SUNSET PARK — Meals on Wheels volunteers saved the life of an elderly Santa Monica resident whom they found in her home bleeding profusely from an open head wound.
When Meals on Wheels volunteers Bob Sandler and his partner came to serve her lunch at noon on Jan. 5, Ruth Barkley, 82, was perched on the corner of her floral-patterned couch, drenched in blood that was spilling out of a two-inch gash in the back of her head. They immediately called 911 and the ambulance rushed Barkley to Kaiser Permanente where she received seven stitches.
Barkley doesn’t remember much of what happened that day. She woke that morning to her usual routine. Her son-in-law, Tom Allison, visited her for breakfast before work. She took a brief walk around her front yard and then settled down with her dog Molly and cat Tortilla.
“I didn’t feel good in my stomach,” Barkley said in a light German accent.
The queasiness precipitated the fall. She cut her head on the corner of her coffee table, a short wood table with false mother-of-pearl inlay. Her prescription blood thinners worsened the situation, causing blood to run freely from the wound.
Because she was alone, no one involved has an accurate idea of how long Barkley sat there bleeding.
“Meals on Wheels saved my life,” she said.
Sandler is a stock trader who has been volunteering with Meals on Wheels for the past six months. He trained as an emergency medical technician at UCLA, skills which came in handy when he found Barkley.
“She didn’t come to the door, so we just opened it and went in. Her head was covered with blood,” Sandler said. “The training helped. I checked the ABCs — airway, breathing, circulation — to make sure she was OK and called 911.”
The ambulance arrived in five minutes and took Barkley to the hospital. Her condition looked critical to Sandler, who said she was bleeding profusely.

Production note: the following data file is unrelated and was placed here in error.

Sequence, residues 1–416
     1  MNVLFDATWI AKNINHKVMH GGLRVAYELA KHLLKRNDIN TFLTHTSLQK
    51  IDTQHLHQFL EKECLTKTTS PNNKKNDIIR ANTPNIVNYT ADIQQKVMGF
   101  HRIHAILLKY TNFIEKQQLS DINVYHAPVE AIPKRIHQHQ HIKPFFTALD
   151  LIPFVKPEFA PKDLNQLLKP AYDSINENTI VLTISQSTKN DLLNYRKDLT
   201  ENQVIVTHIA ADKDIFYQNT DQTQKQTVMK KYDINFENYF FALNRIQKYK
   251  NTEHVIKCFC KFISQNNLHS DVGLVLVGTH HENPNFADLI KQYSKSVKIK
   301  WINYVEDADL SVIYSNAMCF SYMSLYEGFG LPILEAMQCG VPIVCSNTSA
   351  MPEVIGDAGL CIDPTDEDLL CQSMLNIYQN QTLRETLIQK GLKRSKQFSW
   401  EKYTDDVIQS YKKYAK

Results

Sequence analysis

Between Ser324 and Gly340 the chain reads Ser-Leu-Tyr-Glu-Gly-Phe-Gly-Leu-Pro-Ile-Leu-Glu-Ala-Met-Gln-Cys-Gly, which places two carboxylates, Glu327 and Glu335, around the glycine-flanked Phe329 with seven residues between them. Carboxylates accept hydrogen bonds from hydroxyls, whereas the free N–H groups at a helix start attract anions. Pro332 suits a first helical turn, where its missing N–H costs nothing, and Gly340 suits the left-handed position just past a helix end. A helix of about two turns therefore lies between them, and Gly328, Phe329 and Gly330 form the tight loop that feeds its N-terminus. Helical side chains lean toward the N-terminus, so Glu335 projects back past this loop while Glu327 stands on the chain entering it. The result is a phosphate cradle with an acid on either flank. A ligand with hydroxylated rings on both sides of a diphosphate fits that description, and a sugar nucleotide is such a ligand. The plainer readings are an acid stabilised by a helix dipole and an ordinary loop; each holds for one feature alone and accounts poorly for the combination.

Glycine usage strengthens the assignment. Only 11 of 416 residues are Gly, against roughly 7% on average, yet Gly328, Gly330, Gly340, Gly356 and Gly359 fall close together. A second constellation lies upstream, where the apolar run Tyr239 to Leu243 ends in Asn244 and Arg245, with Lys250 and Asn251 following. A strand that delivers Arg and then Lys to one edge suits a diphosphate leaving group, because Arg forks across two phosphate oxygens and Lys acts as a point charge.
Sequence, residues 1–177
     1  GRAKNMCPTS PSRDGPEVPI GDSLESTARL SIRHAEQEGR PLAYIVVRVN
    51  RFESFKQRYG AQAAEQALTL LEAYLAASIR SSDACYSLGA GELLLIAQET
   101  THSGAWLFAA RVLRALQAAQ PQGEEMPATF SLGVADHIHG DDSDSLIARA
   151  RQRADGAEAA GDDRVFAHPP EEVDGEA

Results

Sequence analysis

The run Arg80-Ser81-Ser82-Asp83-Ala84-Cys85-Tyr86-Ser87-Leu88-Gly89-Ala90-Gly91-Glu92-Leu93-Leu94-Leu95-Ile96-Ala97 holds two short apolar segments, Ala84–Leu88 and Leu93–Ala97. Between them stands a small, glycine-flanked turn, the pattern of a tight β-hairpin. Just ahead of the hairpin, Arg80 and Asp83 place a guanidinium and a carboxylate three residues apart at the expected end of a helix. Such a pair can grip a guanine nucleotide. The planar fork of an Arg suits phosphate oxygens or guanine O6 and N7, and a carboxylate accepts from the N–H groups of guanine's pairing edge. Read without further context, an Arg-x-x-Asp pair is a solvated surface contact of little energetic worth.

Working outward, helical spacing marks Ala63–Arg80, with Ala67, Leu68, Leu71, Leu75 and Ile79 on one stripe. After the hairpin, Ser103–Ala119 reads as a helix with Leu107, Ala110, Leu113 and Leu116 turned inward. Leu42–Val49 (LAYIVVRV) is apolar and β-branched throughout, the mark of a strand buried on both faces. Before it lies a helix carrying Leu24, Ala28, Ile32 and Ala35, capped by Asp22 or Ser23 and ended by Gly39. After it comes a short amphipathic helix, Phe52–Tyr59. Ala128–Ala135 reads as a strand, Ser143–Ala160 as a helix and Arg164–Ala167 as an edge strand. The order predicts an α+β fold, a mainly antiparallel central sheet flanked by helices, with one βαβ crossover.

“If we weren’t there, she would have died,” Sandler said.
Barkley’s daughter, Mina Allison, is a kindergarten teacher who stays with her mother when she’s not at work or with her husband and kids. She was at school when she got the call from her husband concerning her mother’s condition.
“I was concerned but there was not a lot of time to think about it as much as to figure out where she was,” Allison said.
The Allisons have hired a caretaker to stay with Barkley during the day while they’re at work, a move which Barkley fought prior to her accident.
“Physically she’s a lot better,” Allison said. “She’s scared, and that’s why I have someone staying with her now all the time. We live five blocks away and we are over there five, six times a day, but you know, she fell when no one was with her.”
Barkley was in and out of the hospital until last Tuesday, plagued by fainting spells and heart troubles. She returned home with her daughter and son-in-law and has resumed her daily routine.
“I’m still here, and I still have my Ovaltine,” she said, referring to her favorite drink, which she prepares with milk brought by Meals on Wheels.
While such incidents don’t happen every day, Meals on Wheels volunteers are often required to do more than deliver food.
“When you’re dealing with a frail population, things tend to happen,” said Enid Borden, president and chief executive officer of Meals on Wheels Association of America. “These volunteers are lifesavers. Bless them all, they’re heroes.
“The beauty of the program is that it’s more than just a meal,” Borden added. “They become friends.”